2.5 Data reconstruction, processing, and analysis

Non-accordion (i.e., conventional) datasets were processed using NMRPipe (Delaglio et al., 1995), with forward linear prediction to double the number of data points, cosine-squared window apodization, and zero-filling to twice the size rounded to the nearest power of two. R1ρ, R1, and R2 relaxation rate constants were estimated from the conventional experiments by integrating the peak volumes using PINT (Ahlner et al., 2013; Niklasson et al., 2017), followed by fitting mono-exponential decay functions to the volumes using in-house MATLAB scripts. The fitted R2 values determined by CPMG experiments were not adjusted for off-resonance effects (Korzhnev et al., 2000). Standard errors were estimated using jackknife resampling (Mosteller and Tukey, 1977) as implemented in PINT. Standard errors in R2 derived from R1ρ experiments were estimated by Monte Carlo simulations using 10 000 samples drawn from normal distributions with widths corresponding to the standard errors of R1ρ and R1 (Press et al., 1986).

The accordion datasets were processed and analyzed using the DSURE algorithm (Juhlin et al., 2018) implemented in MATLAB (MathWorks, Inc.). DSURE reconstruction was performed on individual t1 interferograms, as described previously (Carlström et al., 2019). DSURE models interferograms as sums of exponentially decaying sinusoids:

(1) A ( t ) = k K A k exp i ω k t - R k t + ε ( t ) ,

where Ak, ωk, and Rk are the complex-valued amplitude, frequency, and decay rate of the kth signal, respectively, ε(t) represents additive noise, and the sum runs over all K signals identified in a given interferogram. In reconstructing accordion data, the time domain data from the reverse mode was inverted and complex conjugated before estimation using DSURE. Standard errors of the estimated parameters were calculated as the CRLB, which is very close to the RMSE for statistically efficient estimators like DSURE. Explicit comparison of the RMSE, calculated from Monte Carlo simulations using 1000 samples, and the CRLB indicates that the two measures are in excellent agreement and deviate by at most a factor of 1.6 for the worst case (an interferogram containing three signal maxima) among our 50 % NUS data.

2.6 Statistical analysis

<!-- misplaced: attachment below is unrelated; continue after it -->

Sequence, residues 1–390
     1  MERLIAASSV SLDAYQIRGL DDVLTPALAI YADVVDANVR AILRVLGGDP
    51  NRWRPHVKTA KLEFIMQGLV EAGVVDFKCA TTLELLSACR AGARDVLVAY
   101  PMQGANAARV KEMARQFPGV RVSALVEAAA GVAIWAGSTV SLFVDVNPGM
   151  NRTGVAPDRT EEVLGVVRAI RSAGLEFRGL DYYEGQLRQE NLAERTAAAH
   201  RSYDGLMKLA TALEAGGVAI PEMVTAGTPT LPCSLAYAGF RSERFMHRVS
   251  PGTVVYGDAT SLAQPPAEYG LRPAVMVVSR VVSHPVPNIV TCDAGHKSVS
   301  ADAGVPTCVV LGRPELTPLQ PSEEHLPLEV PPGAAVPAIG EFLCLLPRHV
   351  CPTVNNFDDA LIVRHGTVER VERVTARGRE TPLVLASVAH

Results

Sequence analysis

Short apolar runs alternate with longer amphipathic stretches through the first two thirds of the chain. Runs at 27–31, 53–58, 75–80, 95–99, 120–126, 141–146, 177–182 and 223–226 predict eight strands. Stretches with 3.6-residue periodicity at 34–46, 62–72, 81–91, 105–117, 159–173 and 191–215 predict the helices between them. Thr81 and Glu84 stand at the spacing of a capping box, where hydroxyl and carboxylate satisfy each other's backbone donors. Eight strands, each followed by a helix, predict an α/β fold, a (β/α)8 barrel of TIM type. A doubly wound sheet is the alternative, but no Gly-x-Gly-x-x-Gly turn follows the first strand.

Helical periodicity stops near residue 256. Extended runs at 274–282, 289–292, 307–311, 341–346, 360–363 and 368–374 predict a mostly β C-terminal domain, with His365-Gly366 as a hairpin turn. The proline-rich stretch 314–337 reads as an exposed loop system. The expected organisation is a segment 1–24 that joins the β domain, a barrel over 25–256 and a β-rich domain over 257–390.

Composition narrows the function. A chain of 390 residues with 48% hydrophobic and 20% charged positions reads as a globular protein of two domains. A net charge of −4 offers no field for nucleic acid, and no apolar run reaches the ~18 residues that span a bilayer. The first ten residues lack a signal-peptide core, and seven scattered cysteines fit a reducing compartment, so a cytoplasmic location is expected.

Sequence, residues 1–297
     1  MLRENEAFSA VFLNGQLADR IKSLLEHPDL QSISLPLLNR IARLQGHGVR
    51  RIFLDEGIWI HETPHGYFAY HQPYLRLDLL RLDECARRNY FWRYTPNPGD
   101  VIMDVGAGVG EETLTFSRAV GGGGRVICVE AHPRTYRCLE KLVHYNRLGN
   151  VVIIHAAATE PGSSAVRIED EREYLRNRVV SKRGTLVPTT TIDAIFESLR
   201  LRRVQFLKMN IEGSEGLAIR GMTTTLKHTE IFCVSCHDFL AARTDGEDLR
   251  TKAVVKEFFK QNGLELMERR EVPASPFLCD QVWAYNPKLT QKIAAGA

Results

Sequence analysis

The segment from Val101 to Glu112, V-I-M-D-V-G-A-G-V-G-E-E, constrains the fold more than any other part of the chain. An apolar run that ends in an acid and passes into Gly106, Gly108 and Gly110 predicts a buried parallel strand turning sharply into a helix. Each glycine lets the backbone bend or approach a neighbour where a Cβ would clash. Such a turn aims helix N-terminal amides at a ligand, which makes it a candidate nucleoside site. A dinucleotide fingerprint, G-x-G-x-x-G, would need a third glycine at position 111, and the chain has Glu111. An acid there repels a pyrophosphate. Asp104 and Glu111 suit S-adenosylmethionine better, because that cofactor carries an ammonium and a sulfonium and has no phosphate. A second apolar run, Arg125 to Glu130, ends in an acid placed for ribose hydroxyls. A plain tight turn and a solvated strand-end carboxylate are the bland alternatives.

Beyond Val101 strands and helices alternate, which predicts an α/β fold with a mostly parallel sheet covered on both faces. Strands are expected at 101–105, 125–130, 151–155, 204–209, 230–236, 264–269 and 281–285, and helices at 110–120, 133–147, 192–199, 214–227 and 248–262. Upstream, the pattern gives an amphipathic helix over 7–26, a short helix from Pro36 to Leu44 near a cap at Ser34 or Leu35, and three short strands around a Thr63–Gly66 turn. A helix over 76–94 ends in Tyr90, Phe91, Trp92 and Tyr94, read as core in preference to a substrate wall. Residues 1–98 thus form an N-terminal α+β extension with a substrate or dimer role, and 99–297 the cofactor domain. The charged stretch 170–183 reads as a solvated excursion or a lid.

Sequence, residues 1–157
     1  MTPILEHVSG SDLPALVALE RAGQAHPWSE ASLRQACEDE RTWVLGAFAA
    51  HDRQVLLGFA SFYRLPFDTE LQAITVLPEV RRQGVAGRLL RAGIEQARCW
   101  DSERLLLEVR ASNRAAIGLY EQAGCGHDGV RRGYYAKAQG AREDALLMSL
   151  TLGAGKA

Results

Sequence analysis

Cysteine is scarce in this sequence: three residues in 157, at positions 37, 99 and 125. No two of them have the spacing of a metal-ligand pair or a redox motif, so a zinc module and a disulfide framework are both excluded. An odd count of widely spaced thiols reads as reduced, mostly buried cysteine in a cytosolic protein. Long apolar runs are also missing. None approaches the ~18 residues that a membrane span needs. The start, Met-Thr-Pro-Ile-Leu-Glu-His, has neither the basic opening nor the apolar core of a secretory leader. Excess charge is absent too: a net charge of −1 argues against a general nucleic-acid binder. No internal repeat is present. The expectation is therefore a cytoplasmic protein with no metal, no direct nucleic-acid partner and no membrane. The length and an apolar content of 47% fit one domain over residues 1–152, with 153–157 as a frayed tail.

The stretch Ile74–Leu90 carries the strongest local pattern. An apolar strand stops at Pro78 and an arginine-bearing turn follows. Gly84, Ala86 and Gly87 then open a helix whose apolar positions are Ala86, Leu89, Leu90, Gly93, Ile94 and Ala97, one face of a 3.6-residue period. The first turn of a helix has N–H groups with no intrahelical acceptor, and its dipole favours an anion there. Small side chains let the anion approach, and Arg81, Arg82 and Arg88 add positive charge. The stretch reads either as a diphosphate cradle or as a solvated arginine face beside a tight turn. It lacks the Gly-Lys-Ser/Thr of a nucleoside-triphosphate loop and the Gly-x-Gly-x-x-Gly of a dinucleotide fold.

To compare the performance of the different approaches for measuring transverse relaxation rates, we used four different metrics. The relative difference and absolute deviation between datasets x and y are defined for a given residue i as Δrel=2(xi-yi)/(xi+yi) and Δabs=|xi-yi|, respectively. The root-mean-square deviation (RMSD) between two datasets is calculated pairwise over all residues (Nres), RMSD =[(i(xi-yi)2/Nres)]1/2. The mean relative uncertainty (MRU) of a given dataset is the mean, calculated over all residues, of the individual uncertainty in xi (σxi; 1 standard deviation, as estimated by the DSURE algorithm) divided by xi: MRU =(iσxi/xi)/Nres​​​​​​​.

3 Results and discussion

3.1 Pulse sequence design

The accordion-NUS R1ρ pulse sequence (Fig. 1) is based on our previous implementation to measure R1 (Carlström et al., 2019), which included minor modifications of the original constant-time accordion experiment (Mandel and Palmer, 1994). In designing accordion-NUS versions of transverse relaxation experiments, it is necessary to consider the interplay between the minimum length of the relaxation block (A or B in Fig. 1), the number of sampled t1 points, and the maximum attainable t1 value. R2 relaxation rate measurement is typically performed in one of two ways: using either CPMG pulse trains or a continuous spin-lock during the relaxation period so as to maintain in-phase magnetization and avoid significant evolution into anti-phase terms (Skelton et al., 1993), as well as reduce chemical/conformational exchange (Rex) and magnetic-field inhomogeneity (Rinh) contributions to the effective transverse relaxation rate constant (R2,eff). Furthermore, it is necessary to suppress the effects of cross-correlated relaxation, which amounts to introducing additional relaxation delays (Kay et al., 1992a; Palmer et al., 1992) and to mitigate the effects of off-resonance effects and pulse imperfections (Korzhnev et al., 2000), leading to extended phase cycles (Yip and Zuiderweg, 2004). CPMG-type experiments for measuring chemical exchange involve extended spin-echo elements to average the relaxation rates of in-phase and anti-phase coherences (Loria et al., 1999). All in all, these requirements typically lead to relatively long relaxation blocks in CPMG-based experiments. Since the accordion experiment increments (or decrements) the relaxation period synchronously with the t1 period, the minimum increment step for the relaxation period limits the maximum number of points that can be acquired in the t1 dimension. In our initial testing of CPMG-based accordion experiments to measure R2, we found that the maximum achievable length of the t1 dimension was 64 points, before the duty cycle and relaxation losses became serious concerns. While the resulting resolution in t1 might suffice in certain cases, we opted instead for increased flexibility and designed the transverse relaxation experiment based on a spin-lock period. This strategy allows for significantly shorter increments of the relaxation period, and further enables facile adaptation to off-resonance R1ρ experiments for conformational exchange measurement. We implemented two types of pulse sequence elements to align the magnetization along the effective spin-lock field: adiabatic amplitude/frequency ramps (Mulder et al., 1998) or an element comprising hard pulses and delays (Hansen and Kay, 2007). The hard-pulse element is shorter than the adiabatic ramp (0.25–0.45 ms versus 1.8 ms in the present case) and in principle reduces relaxation losses, while the adiabatic ramp achieves superior alignment over a wider range of offsets, making it suitable for off-resonance R1ρ experiments used to characterize chemical exchange processes.

3.2 Comparison of DSURE-modeled accordion R1ρ relaxation data and conventional relaxation data